Posted on October 14th, 2015 by msequeira
An international research team led by scientists at the University of New Mexico Cancer Center discovered and developed a novel ligand peptide-mimic that inhibits abnormal overgrowth of blood vessels in retinal diseases and tumors. The discovery could lead to new drugs that keep cancers from growing. The team published a paper in the journal Science Translational Medicine.
The new drug candidate, named Vasotide™, is a cyclic peptide-mimic, which is a small chain of non-natural amino acids linked together.
The team has previously used an advanced high-throughput screening technique called phage display to discover a small peptide that ultimately was chemically modified to become Vasotide. Vasotide, they found, keeps a protein called vascular endothelial growth factor, VEGF, from binding to two different kinds of receptors on the surface of endothelial cells. Endothelial cells line the inside of blood vessels of normal organs and tumors. Therefore, in essence, Vasotide targets dual VEGF receptors that are central to the process of abnormal angiogenesis in malignant tumors and retinal diseases (such as age-related macular degeneration, diabetic retinopathy, and retinopathy-0f-prematurity).
Normally, when VEGF binds to one of its receptors the binding causes endothelial cells to multiply, allowing blood vessels to form. Preventing VEGF from binding to its receptors keeps excessive blood vessels from growing in disease settings such as tumors and retinal diseases.
The team tested its Vasotide in mouse and non-human primate models that mimic human eye diseases caused by out-of-control blood vessel growth. They were able to stop the abnormal blood vessel growth by giving Vasotide-containing eye drops.
Because tumors hijack blood vessels to develop their own abnormal supplies of oxygen and nutrients, the team is hopeful that Vasotide may be developed into an anticancer drug; indeed, previous work published in 2010 from Arap and Pasqualini has showed that a mouse model of breast cancer also responds to Vasotide.
“Vasotide represents the culmination of 15 years of translational work from ligand-receptor discovery to structure-function relationship to pre-clinical proof-of-concept in rodent and primate models. It may seem like a long time but it is actually warp speed in terms of drug development,” says Arap.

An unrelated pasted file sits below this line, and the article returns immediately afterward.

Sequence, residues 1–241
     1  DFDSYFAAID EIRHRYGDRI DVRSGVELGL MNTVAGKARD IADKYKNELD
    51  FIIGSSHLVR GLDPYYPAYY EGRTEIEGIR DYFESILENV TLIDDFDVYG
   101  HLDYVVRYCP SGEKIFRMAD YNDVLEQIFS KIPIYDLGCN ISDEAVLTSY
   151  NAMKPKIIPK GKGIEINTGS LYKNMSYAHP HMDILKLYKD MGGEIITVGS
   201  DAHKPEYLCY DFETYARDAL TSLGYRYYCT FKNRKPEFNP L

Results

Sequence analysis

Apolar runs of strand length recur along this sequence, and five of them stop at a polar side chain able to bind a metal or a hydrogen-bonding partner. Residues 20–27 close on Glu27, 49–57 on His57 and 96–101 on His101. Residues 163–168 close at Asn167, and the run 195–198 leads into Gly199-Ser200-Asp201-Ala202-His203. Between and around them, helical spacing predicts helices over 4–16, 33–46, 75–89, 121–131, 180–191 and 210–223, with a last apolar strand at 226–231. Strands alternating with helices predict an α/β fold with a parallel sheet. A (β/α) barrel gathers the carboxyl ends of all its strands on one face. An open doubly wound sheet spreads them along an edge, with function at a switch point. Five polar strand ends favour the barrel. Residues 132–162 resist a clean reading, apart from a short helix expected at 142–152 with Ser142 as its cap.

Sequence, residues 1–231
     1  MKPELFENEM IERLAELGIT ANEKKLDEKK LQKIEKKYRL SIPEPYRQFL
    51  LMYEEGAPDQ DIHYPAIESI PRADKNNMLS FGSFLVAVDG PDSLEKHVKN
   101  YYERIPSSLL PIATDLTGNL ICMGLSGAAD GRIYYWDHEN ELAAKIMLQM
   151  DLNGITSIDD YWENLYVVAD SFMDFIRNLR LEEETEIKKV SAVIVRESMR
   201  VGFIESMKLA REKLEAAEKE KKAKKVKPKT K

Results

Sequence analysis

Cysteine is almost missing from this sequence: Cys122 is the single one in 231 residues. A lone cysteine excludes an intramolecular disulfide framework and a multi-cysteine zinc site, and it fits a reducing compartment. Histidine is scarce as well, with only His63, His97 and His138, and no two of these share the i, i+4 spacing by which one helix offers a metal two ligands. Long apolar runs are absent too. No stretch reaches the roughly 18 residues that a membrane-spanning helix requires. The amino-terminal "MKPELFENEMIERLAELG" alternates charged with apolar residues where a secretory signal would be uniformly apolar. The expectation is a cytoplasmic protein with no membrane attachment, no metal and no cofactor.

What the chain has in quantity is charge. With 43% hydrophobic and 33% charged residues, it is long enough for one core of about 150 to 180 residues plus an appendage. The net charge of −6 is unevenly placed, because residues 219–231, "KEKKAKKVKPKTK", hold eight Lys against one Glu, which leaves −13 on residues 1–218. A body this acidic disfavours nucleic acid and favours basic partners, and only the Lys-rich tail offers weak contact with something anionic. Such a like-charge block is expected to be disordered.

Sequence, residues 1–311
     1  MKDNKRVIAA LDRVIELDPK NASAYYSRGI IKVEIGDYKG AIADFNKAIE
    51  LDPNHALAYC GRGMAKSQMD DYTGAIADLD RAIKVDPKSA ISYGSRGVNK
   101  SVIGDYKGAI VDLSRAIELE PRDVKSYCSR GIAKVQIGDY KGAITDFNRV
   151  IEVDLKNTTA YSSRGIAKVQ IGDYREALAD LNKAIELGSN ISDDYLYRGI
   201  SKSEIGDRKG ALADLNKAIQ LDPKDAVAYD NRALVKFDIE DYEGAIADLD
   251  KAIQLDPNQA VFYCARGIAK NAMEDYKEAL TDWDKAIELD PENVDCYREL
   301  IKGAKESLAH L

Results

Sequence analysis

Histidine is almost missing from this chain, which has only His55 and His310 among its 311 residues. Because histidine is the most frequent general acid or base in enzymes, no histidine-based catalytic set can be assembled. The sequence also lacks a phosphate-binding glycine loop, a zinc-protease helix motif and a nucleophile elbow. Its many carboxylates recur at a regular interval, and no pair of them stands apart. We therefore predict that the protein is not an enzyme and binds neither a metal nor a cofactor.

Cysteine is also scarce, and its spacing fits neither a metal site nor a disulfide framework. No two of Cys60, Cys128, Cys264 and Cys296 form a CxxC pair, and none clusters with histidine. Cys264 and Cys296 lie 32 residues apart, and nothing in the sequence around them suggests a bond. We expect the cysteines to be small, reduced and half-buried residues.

Pasqualini says, “The fact that Vasotide may be delivered as eye drops rather than painful and cumbersome intra-ocular injections addresses a major unmet need in retinal diseases mediated by abnormal blood vessel formation. Indeed, with the aging of the baby boomer generation and the obesity epidemic, there has been a sharp increase in blinding caused by potentially treatable conditions such as macular degeneration and diabetic retinopathy."
Sidman says, “In this period of easy communication, it is worth noting that this research was carried out by well-coordinated investigators variously skilled in cell biology, medical practice, neuroscience, retinal biology, biochemistry, and animal disease model studies, some of the team members located initially in Houston and later in Albuquerque, and others in Boston, Hopkinton, St. Kitts, and São Paulo.”
The paper, “The peptidomimetic Vasotide targets two retinal VEGF receptors and reduces pathological angiogenesis in murine and nonhuman primate models of retinal disease,” was published in the October 14, 2015, edition of Science Translational Medicine, a publication of the American Association for the Advancement of Science.
Authors of the paper are: Richard L. Sidman, Jianxue Li, Matthew Lawrence, Wenzheng Hu, Gary F. Musso, Ricardo J. Giordano, Marina Cardó-Vila, Renata Pasqualini, and Wadih Arap. Cardó-Vila, Pasqualini and Arap are at the UNM Cancer Center.
The University of New Mexico Comprehensive Cancer Center is the Official Cancer Center of New Mexico and the only National Cancer Institute-designated Cancer Center in a 400-mile radius. One of the premier cancer centers nationwide, the UNM CCC has 128 board-certified oncology physicians, forming New Mexico’s largest cancer care team. It treats about 60 percent of adults and virtually all the children in New Mexico diagnosed with cancer — more than 10,000 people— from every county in the state in more than 135,000 clinic visits each year. Through its partnership with the New Mexico Cancer Care Alliance, an “exemplary national model for cancer health care delivery,” the UNM CCC offers access to more than 160 clinical trials to New Mexicans in every part of the state. Annual research funding of more than $72 million supports the UNM CCC’s 132 cancer scientists. Working with partners at Los Alamos and Sandia National Laboratories, Lovelace Respiratory Research Institute, and New Mexico State University, they have developed new diagnostics and drugs for leukemia, breast cancer, ovarian cancer, prostate cancer, liver and pancreatic cancer, brain cancer, and melanoma; garnered 33 new patents and 117 patents pending; and launched 13 new biotechnology companies since 2010. Learn more at cancer.unm.edu.
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